As companies consider how to respond, Democrat and former Georgia gubernatorial candidate Stacey Abrams has urged Hollywood leaders to keep businesses in the Georgia and to “#StayandFight” by financially supporting groups challenging the state’s new ban. 

OUCH: Insys Therapeutics has filed for bankruptcy protection, just days after agreeing to a $225 million settlement over federal charges related to its sale of a highly addictive fentanyl spray. It’s the first time a pharmaceutical company has filed for Chapter 11 protection to help pay for expenses related to its role in the ongoing opioid epidemic in the United States, our Post colleague Taylor Telford reports.

But other drugmakers could follow suit. Taylor reports OxyContin maker Purdue Pharma is reportedly considering bankruptcy as it deals with lawsuits from numerous states over its role in the opioid crisis. The Arizona-based Insys settlement will end criminal and civil investigations into allegations the company was involved in a bribery scheme meant to get physicians to illegally prescribe the spray, Subsys, to patients who may not have needed the drug.

The company “said it will continue operating while it considers selling its assets to cover the settlement. It will use its cash to stay afloat, including payment of employee wages and benefits, and will seek court approval to pay its suppliers and vendors in full.”


— The Trump administration has proposed a change to a federal rule that has enabled older individuals with mental or physical disabilities who are also unable to communicate in English to qualify for benefits.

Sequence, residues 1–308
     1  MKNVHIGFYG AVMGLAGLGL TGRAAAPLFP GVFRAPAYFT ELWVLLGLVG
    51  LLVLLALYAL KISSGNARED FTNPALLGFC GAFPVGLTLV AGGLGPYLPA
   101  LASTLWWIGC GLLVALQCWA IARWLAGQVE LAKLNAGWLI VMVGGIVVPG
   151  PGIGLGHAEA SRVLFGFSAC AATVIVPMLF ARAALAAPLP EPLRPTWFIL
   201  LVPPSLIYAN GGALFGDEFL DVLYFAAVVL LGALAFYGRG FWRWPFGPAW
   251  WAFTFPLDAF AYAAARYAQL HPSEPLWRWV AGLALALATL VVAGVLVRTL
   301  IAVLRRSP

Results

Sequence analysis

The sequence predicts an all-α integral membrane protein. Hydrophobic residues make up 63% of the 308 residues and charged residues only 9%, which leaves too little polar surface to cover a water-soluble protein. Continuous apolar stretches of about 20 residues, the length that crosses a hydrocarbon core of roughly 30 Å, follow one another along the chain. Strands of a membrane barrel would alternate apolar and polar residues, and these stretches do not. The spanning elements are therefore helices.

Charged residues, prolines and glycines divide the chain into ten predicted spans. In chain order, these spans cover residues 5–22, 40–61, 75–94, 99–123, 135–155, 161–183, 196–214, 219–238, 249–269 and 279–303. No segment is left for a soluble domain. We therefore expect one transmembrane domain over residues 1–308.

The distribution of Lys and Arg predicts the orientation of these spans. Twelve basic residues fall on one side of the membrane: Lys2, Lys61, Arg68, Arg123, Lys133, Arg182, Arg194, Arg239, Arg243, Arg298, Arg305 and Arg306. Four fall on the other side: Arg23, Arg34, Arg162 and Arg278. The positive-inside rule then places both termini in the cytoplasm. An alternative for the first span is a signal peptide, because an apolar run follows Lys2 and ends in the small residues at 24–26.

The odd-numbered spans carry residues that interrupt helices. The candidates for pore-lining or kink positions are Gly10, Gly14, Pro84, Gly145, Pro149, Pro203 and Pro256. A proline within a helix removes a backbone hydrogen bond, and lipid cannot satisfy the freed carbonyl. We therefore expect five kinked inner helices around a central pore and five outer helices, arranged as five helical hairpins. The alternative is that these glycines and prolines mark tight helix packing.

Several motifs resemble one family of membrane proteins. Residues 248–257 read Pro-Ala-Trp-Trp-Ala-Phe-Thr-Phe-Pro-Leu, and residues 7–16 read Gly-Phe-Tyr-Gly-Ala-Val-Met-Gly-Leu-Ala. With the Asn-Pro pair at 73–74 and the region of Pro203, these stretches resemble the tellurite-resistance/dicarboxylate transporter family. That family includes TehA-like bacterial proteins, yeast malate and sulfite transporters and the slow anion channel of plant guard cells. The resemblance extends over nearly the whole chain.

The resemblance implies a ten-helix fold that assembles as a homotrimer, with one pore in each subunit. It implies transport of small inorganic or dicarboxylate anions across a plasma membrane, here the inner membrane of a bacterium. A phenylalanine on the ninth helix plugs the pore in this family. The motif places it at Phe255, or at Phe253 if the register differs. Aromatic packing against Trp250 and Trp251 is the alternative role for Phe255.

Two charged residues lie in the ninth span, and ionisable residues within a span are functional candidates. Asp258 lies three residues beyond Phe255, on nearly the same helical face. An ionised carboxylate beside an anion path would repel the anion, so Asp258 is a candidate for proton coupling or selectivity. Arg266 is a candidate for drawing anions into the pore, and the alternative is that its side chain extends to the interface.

But the Social Security Administration now says the inability to read, write or speak in English isn’t necessarily a major barrier, The Post’s Kimberly Kindy reports.

"Members of Congress are squaring off over the proposal, with several Democrats saying the Trump administration is promoting an unnecessary and polarizing policy change that discriminates against older workers and is anti-immigrant,” she writes. “Some Republicans who favor the rule change say the current system is antiquated and does not take into account how multilingual U.S. citizens and residents have become.”

The agency predicts if the proposed rule is finalized, there would be about 6,500 applicants a year who would no longer quality for benefits, which the administration expects will save $4.6 billion.

“Altogether, 8.5 million people receive some form of federal disability insurance at an annual cost of about $133 billion, agency records show,” Kimberly writes. “Current projections show the program will have insufficient funds to pay all claims as soon as 2052.”


— California Gov. Gavin Newsom (D) reached an agreement over the weekend with the state’s Democratic-controlled legislature to include in his first budget funding to extend public health insurance to cover young adult undocumented immigrants, our Post colleague Scott Wilson reports.

California will be the first state to make such a move. The budget agreement will allow for coverage for immigrants up to 25 years old who can sign up for Medi-Cal, the state health insurance plan for low-income people.

In response to the deal, the California Immigrant Policy Center called the funding for expanded coverage “a clear step forward” but also said the “exclusion of undocumented elders from the same health care their U.S. citizen neighbors are eligible for means beloved community members will suffer and die from treatable conditions.”